FIG. 5 illustrates a non-volatile memory device 500 including a voltage converter 514 according to an embodiment of the present invention incorporated therein. The voltage converter receives an external voltage VCCEXT, and converts the VCCEXT voltage to an internal voltage VCCINT, which is used throughout the memory device 500. Commands are issued to a command state machine (CSM) 504 which acts as an interface between the an external processor (not shown) and an internal write state machine (WSM) 508. When a specific command is issued to the CSM 504, internal command signals are provided to the WSM 508, which in turn, executes the appropriate algorithm to generate the necessary timing signals to control the memory device 500 internally, and accomplish the requested operation. The CSM 504 also provides the internal command signals to an ID register 508 and a status register 510, which allows the progress of various operations to be monitored when interrogated by issuing to the CSM 504 the appropriate command.
Portions of the commands are also provided to input/output (I/O) logic 512 which, in response to a read or write command, enables the data input buffer 516 and the output buffer 518, respectively. The I/O logic 512 also provides signals to the address input buffer 522 in order for address signals to be latched by an address latch 524. The latched address signals are in turn provided by the address latch 524 to an address multiplexer 528 under the command of the WSM 506. The address multiplexer 528 selects between the address signals provided by the address latch 524 and those provided by an address counter 532. The address signals provided by the address multiplexer 528 are used by an address decoder 540 to access the memory cells of a memory bank 544 that correspond to the address signals. A gating/sensing circuit 548 is coupled to the memory bank 544 for the purpose of programming and erase operations, as well as for read operations.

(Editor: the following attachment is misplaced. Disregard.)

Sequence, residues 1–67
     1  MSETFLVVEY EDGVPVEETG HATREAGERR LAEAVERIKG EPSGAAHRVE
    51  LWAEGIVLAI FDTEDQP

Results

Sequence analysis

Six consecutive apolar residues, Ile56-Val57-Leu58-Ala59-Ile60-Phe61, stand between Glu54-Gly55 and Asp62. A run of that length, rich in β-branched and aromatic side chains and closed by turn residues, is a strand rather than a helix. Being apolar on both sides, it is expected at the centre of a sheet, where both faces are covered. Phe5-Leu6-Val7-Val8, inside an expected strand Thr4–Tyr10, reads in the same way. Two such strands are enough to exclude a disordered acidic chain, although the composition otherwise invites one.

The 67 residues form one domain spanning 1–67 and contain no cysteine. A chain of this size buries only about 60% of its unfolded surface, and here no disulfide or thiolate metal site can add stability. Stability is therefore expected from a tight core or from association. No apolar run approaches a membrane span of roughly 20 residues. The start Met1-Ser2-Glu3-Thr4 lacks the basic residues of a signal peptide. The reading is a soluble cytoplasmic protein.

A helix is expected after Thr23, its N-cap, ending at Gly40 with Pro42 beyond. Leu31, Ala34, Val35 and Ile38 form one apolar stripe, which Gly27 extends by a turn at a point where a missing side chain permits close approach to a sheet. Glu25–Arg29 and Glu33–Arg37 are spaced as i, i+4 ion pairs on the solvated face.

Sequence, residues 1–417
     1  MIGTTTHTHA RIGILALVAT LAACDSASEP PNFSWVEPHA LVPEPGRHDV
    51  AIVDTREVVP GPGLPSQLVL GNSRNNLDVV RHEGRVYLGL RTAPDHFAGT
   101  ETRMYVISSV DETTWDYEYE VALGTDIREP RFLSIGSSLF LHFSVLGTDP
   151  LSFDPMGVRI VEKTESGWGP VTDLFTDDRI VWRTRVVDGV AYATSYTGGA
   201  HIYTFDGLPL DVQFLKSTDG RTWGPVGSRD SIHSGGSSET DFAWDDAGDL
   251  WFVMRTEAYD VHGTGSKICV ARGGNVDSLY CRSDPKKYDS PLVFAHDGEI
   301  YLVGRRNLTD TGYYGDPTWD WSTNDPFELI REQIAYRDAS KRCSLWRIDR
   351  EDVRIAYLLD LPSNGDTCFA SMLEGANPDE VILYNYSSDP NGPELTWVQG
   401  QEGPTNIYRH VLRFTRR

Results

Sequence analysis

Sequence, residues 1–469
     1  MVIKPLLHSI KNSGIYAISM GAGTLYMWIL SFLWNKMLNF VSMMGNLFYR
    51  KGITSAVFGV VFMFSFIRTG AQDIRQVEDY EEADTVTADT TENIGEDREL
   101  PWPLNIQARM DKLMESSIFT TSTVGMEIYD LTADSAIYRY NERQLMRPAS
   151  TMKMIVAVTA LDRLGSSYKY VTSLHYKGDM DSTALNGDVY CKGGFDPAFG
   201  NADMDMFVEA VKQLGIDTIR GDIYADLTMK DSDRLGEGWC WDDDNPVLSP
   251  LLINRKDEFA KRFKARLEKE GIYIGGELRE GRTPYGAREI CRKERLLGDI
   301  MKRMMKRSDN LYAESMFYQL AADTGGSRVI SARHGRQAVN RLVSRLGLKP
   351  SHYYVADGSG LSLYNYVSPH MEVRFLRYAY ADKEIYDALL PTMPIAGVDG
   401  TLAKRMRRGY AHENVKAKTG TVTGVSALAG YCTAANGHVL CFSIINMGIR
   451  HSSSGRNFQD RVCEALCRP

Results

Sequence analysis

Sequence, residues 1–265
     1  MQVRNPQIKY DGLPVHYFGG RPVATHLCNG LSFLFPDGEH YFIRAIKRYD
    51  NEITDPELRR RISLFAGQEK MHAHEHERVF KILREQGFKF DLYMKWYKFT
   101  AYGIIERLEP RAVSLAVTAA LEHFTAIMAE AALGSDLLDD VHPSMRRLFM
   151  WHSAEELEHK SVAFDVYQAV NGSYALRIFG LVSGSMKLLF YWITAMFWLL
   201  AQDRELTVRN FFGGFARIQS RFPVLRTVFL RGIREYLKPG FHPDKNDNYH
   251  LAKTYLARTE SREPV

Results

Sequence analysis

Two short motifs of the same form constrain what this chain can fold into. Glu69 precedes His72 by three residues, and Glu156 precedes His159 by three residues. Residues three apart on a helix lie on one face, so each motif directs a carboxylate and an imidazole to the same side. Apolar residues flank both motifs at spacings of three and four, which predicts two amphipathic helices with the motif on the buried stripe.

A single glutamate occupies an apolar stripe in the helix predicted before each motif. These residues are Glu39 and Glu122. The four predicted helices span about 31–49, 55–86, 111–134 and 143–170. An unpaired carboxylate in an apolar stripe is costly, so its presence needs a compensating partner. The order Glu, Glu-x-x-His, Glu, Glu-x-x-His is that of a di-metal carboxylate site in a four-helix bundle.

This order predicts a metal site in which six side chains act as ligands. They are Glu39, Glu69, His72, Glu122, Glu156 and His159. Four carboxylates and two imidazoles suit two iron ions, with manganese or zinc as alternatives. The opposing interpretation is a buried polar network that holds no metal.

During a read operation, data is sensed by the gating/sensing circuit 548 and amplified to sufficient voltage levels before being provided to an output multiplexer 550. The read operation is completed when the WSM 506 instructs the output buffer 518 to latch data provided from the output multiplexer 550 to be provided to the extern processor. The output multiplexer 550 can also select data from the ID and status registers 508, 510 to be provided to the output buffer 518 when instructed to do so by the WSM 506. During a program or erase operation, the I/O logic 512 commands the data input buffer 516 to provide the data signals to a data register 560 to be latched. The WSM 506 also issues commands to program/erase circuitry 564 which uses the address decoder 540 to carry out the process of injecting or removing electrons from the memory cells of the memory bank 544 to store the data provided by the data register 560 to the gating sensing circuit 548. To ensure that sufficient programming or erasing has been performed, a data comparator 570 is instructed by the WSM 506 to compare the state of the programmed or erased memory cells to the data latched by the data register 560.